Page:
Astronomers have discovered evidence of three more gas giant worlds orbiting a star already known to host a ‘hot Jupiter’ in an extremely close orbit. The observations raise new questions about how solar systems form.
Skywatchers in Western Europe looking in the southern sky at dusk on Thursday, 18 October can see the 9-day-old waxing gibbous Moon close to the upper left of Mars, the pair fitting comfortably in the same field of view of typical binoculars. This is also a good night for spotting some prominent martian features telescopically – seeing permitting!
It’s holiday time again and the keen observer is faced with the usual dilemma: how does one carry a telescope small enough to be useful to far-flung dark and exotic skies? Fortunately for globe-trotters concerned about optical size and weight, Telescope Service in Germany has the TSAPO60 — a compact and very versatile photo-visual 60mm f/5.5 ED refractor.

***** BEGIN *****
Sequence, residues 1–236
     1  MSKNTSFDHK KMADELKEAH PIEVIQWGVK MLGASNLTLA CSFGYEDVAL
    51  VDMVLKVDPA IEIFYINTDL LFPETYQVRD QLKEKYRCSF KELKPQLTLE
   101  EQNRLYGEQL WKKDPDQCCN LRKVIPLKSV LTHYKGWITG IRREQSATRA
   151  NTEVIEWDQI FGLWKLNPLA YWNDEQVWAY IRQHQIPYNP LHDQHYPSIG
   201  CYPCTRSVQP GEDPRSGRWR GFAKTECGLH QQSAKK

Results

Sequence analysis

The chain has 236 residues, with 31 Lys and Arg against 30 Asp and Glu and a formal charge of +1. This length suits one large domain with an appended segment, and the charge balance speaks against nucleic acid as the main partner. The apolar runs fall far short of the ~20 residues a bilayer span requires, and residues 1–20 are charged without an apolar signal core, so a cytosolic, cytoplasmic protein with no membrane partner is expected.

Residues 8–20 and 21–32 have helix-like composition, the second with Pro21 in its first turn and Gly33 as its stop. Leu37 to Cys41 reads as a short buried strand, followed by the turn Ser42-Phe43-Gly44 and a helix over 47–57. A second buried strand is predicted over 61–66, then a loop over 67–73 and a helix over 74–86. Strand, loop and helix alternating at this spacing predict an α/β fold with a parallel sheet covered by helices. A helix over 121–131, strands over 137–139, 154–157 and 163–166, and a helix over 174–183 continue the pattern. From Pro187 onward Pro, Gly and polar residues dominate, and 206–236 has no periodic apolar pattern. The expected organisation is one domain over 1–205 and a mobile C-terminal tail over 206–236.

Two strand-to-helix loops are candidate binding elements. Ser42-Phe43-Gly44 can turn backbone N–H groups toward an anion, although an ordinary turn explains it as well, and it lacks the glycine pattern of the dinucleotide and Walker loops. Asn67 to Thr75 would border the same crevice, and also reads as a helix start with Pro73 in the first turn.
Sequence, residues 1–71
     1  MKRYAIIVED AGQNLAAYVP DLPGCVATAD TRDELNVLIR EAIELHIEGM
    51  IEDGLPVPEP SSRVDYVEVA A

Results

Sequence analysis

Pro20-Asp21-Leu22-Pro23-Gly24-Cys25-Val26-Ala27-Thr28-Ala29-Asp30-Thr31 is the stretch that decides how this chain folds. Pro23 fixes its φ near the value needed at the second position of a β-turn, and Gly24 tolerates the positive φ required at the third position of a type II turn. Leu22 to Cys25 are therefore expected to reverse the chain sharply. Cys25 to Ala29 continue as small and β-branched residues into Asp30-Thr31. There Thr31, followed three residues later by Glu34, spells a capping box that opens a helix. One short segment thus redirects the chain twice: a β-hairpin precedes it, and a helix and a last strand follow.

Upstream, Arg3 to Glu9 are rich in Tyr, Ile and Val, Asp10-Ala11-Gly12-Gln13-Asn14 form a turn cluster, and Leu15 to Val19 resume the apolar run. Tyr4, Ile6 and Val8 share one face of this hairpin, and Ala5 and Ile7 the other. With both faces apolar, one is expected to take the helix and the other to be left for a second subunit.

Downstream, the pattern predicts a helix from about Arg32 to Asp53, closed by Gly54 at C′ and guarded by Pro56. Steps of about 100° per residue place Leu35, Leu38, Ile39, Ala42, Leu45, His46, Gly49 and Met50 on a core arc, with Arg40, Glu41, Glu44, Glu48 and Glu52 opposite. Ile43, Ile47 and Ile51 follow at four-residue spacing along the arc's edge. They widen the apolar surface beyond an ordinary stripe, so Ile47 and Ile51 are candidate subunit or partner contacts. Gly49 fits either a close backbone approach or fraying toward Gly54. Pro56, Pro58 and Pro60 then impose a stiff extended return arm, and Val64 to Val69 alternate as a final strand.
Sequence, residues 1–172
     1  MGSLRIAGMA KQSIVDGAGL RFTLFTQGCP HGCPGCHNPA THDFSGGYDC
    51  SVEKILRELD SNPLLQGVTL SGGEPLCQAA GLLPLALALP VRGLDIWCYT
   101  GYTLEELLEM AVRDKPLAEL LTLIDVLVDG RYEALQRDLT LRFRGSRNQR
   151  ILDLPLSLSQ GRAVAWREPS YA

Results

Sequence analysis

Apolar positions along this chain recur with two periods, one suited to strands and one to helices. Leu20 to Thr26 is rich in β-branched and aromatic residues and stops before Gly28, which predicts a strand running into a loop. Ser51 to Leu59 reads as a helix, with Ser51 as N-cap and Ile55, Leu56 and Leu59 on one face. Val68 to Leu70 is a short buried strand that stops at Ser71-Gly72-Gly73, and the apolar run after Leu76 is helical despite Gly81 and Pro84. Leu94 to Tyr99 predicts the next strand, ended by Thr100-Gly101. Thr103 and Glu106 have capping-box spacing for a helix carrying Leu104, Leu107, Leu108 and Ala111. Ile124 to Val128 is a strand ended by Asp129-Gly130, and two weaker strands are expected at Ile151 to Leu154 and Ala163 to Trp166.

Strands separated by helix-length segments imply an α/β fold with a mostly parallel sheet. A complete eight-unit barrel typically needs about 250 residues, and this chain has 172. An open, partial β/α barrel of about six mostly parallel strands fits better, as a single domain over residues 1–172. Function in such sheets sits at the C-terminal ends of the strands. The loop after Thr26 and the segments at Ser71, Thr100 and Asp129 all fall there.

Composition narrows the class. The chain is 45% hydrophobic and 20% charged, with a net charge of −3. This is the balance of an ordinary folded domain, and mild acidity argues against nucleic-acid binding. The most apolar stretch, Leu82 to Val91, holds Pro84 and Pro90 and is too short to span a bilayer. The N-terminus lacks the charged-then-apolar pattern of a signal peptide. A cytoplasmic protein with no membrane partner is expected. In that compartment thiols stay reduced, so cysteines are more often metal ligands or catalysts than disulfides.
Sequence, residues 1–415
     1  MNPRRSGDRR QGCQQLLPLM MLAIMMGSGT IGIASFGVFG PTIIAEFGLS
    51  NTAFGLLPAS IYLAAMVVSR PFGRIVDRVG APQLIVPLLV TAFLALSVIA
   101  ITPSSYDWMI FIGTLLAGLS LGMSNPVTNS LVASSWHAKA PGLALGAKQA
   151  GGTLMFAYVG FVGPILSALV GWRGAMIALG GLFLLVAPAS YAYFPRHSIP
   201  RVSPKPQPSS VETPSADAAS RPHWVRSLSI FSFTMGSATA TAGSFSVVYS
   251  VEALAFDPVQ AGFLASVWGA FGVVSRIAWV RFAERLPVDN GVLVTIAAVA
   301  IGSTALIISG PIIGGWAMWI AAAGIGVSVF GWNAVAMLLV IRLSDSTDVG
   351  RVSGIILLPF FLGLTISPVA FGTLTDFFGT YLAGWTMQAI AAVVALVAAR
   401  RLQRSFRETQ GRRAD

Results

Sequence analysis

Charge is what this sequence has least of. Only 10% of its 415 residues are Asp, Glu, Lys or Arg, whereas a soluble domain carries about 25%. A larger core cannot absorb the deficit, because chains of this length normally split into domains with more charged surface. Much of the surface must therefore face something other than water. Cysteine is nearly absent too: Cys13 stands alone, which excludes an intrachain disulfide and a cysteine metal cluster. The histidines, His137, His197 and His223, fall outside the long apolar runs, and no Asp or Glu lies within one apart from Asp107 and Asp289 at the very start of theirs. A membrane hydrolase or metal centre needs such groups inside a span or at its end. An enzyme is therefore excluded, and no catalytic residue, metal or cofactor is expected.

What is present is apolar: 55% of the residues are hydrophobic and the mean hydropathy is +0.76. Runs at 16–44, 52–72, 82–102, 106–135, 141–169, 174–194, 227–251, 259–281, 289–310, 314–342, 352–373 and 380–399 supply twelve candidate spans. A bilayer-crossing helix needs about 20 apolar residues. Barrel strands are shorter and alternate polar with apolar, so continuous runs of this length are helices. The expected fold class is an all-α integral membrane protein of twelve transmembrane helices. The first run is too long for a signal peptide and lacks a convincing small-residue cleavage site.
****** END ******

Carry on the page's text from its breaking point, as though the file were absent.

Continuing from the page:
Computer simulations are giving astronomers a detailed view showing how the electric and magnetic fields surrounding fast-spinning pulsars spew out electrons and positrons, accelerating them to near light speed in a complex interplay that dominates the nearby environment.